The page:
FIGURE 2 illustrates the game apparatus 16" applied to a hand 27. Band 30 surrounds the hand and holds cup 11 in the palm thereof. This enables the person to catch a ball thrown to him in the cup and to throw .the ball again from the cup. This requires considerable skill, since the cup is relatively small, and the ball must be caught directly in it if the ball is to be retained. The person must catch the ball directly in the cup and draw the hand backwardly at the same time in order to prevent the ball from bouncing out of the cup. The ball may be caught and thrown in this manner even when the cup is applied to bat 25.

FIGURE 7 illustrates game apparatus 10a which is similar to apparatus 10'. A band 30a is detachably se- 10 described above.

What I claim as my invention is:

1. Ball game apparatus comprising in combination with a baseball bat, a shallow cup having a bottom and an annular wall, said wall having an annular rim, said bottom and wall being formed with a concave inner surface which radiates in a substantially continuous curve from a centre of said bottom to the annular rim of the cup, the depth of said cup being only sufiicient to receive without gripping a small portion of a ball of the size of a standard baseball, and gripping means secured to the cup at the bottom thereof for removably holding said cup on the bat for movement with the latter to enable a ball in the cup to be tossed by an upward motion of the bat into the air so that said ball may be struck by the bat;

2. Ball game apparatus as claimed in claim 1 in which the gripping means comprises an elastic band adapted to extend around and grip the bat.

3. Ball game apparatus comprising in combination with a baseball bat, a shallow cup for receiving without gripping a ball, said cup having a bottom and an annular wall projecting outwardly from said bottom, the bottom of the cup being formed with a large groove extending across the outer surface thereof adapted to fit around the bat, and gripping means secured to the cup at the bottom thereof for holding said cup on the bat with the latter in the groove for movement with the bat to enable a ball in the cup to be tossed by an upward motion of the bat into the air so that said ball may be struck by the bat.

4. Ball game apparatus as claimed in claim 3 in which the large groove is longitudinally inclined relative to the cup bottom.

5. Ball game apparatus as claimed in claim 3 including a passage extending transversely through the cup bottom, and a slot formed in the cup communicating with the passage and opening out from the cup, and wherein the gripping means comprises an endless elastic band extending through said passage, said band being inserted into and removed from the passage by movement through said slot.

6. Ball game apparatus comprising a shallow cup= having a bottom and an annular wall, said wall having an annular rim, said bottom and wall being formed with a concave inner surface which radiates in a substantially continuous curve from a centre of said bottom to the annular rim of the cup, the depth of said cup being only sufiicient to receive Without gripping a small portion of a ball of the size of a standard baseball, said bottom having an outer surface formed with a large groove extending thereacross and opening outwardly therefrom suitable for receiving a baseball bat with said bat fitting in and extending along the groove, and gripping means outside the cup and secured to the bottom thereof adapted removably to hold said cup on a baseball bat fitting in said bottom groove-for movement with the bat to catch a ball in the cup or to throw a ball from said cup.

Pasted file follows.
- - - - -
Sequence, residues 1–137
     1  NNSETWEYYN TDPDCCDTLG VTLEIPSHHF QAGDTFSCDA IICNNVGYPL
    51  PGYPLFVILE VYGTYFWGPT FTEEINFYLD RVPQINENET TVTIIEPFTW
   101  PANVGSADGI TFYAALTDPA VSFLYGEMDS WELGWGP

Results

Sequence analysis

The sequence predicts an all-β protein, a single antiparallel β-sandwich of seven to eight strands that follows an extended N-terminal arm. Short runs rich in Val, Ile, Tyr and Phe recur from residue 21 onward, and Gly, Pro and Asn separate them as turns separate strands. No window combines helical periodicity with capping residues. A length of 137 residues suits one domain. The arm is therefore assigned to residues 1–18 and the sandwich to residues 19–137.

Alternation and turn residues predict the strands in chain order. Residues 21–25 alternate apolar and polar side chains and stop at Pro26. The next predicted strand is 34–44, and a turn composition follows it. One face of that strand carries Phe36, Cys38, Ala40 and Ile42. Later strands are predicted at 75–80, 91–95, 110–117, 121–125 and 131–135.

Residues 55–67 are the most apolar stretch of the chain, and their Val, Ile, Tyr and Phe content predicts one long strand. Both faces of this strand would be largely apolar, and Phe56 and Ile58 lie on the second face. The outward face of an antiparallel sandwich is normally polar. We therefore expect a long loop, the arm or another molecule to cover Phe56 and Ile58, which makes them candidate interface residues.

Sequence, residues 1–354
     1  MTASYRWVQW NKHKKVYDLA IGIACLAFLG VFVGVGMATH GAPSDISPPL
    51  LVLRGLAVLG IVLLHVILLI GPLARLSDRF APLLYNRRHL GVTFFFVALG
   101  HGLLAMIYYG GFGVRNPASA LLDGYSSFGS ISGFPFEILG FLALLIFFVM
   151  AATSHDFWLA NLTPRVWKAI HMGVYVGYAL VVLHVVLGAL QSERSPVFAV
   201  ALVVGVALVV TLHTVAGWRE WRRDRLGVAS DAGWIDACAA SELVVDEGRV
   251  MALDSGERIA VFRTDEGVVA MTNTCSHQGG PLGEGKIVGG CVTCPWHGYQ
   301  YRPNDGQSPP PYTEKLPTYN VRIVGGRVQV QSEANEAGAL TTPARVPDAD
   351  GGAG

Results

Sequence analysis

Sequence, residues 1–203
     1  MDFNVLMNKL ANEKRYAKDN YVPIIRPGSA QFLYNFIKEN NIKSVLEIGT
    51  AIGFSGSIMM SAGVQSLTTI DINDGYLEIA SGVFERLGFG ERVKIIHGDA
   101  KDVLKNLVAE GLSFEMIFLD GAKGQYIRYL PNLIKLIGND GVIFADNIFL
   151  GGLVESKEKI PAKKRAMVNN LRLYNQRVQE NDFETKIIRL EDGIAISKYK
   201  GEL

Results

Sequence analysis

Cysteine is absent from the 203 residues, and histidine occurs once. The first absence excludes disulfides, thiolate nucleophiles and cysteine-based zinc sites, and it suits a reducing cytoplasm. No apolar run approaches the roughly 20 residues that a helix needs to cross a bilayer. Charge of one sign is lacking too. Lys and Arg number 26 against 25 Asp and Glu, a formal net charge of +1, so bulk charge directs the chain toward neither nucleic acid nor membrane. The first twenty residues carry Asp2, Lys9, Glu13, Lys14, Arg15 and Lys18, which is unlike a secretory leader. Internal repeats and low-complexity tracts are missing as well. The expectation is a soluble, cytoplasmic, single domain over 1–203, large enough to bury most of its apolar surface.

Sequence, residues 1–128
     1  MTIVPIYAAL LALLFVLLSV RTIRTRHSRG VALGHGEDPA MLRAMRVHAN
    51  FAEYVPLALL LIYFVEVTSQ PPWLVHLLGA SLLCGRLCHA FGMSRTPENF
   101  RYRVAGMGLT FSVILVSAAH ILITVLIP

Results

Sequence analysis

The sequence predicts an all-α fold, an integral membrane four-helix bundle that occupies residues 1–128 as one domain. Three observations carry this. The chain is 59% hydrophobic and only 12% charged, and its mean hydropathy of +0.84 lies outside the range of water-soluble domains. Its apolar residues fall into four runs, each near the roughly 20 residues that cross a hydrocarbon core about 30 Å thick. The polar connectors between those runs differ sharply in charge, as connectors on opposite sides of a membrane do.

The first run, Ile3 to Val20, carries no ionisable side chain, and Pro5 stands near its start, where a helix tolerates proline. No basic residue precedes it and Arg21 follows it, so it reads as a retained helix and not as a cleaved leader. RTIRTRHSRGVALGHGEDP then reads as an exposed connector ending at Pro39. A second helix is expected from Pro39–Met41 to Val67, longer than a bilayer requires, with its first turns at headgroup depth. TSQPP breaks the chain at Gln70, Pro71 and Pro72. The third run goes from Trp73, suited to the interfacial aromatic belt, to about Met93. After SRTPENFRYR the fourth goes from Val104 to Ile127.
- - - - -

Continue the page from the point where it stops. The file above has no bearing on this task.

7. Ball game apparatus as claimed in claim 6 in which the large groove is inclined relative to the cup bottom in a direction adapted to extend longitudinally of said baseball bat.

8. Ball game apparatus comprising a shallow cup having a bottom and an annular wall, said wall having an annular rim, said bottom and wall being formed with a concave inner surface which radiates in a substantially continuous curve from a centre of said bottom to the annular rim of the cup, the depth of said cup being only sufficient to receive without grippinga'small portion of a ball of the size of a standard baseball, a passage extending transversely through the cup bottom, a slot formed in the cup communicating with the passage and opening out from the cup, and an endless elastic band extending through said passage, said band being inserted into and removed from the passage by movement through said slot, and said band being adapted. removably to hold said cup on an article for movement with the latter to catch a ball in the cup or to throw a ball from said cup.

References Cited by the Examiner UNITED STATES PATENTS DELBERT B. LOWE, Primary Exalniner.

Patent Citations
Cited PatentFiling datePublication dateApplicantTitle
US1477460 *Jun 10, 1922Dec 11, 1923Benjamin Smith HerbertGame appliance
US1492343 *Jun 20, 1922Apr 29, 1924Abrams John MBall batter
US1637278 *Oct 29, 1926Jul 26, 1927 geoege h
US2082818 *May 16, 1935Jun 8, 1937Atwell Henry GBall catching and pitching machine
US2194761 *Apr 29, 1939Mar 26, 1940George H Hutaff JrPaddle
US2930618 *Aug 1, 1957Mar 29, 1960Glintz Georgia EToy and game apparatus
US3111314 *Dec 6, 1960Nov 19, 1963Bernard Kaufman CToy fungo bat
CH190183A * Title not available
GB333950A * Title not available
Referenced by
Citing PatentFiling datePublication dateApplicantTitle
US4034981 *Jul 19, 1976Jul 12, 1977Veneziano Thomas ATennis serve training aid
US4079935 *Mar 25, 1976Mar 21, 1978Zimm-Zamm AktiengesellschaftSports equipment
US4789161 *Jun 22, 1987Dec 6, 1988Waskelo Mark APropel and catch game
US4890846 *Jun 12, 1989Jan 2, 1990Spanski Boguslaw MToy for ball game
US4930772 *Oct 31, 1988Jun 5, 1990Michael MaloneyBaseball bat
US5080371 *Apr 11, 1991Jan 14, 1992Karczewski Robert AFoot attachable apparatus for tossing and receiving a ball
US5265871 *Feb 17, 1993Nov 30, 1993Hanley Walter EBaseball glove conditioning tool and method
US5638999 *Aug 17, 1994Jun 17, 1997Greene; Ryan A.Device for forming a pocket in a sports glove, mitt or similar article
US6006962 *Jul 29, 1996Dec 28, 1999Ebeling, Ii; John J.Tool for forming pockets in baseball and softball gloves
US6138879 *Aug 20, 1998Oct 31, 2000Truckee Winter Sports, Inc.Mallet tool and method for creating proper pocket formation in athletic ball catching gloves
US6209876 *Dec 8, 1998Apr 3, 2001Kevin FranklinFootball target game
US7244201 *Mar 8, 2004Jul 17, 2007Hale-O-Hockey L.L.C.Game stick and ball
US7544138 *Sep 5, 2007Jun 9, 2009Weber Mark ATraining method for catching sports balls
US7713150 *Aug 29, 2007May 11, 2010Hart Alan HMethod of using modified ball and bat
US8066590Sep 23, 2009Nov 29, 2011Doherty Dennis MBunt training aid
USRE37887 *Apr 17, 2001Oct 22, 2002Ronald C. YatesConcave footbag pads
WO2004067113A1 *Jan 21, 2003Aug 12, 2004Clark StephenBunt aid
Classifications
U.S. Classification473/457, D21/753, 473/458, 124/5
International ClassificationA63B59/02, A63B59/00
Cooperative ClassificationA63B2243/005, A63B2208/12, A63B59/02
European ClassificationA63B59/02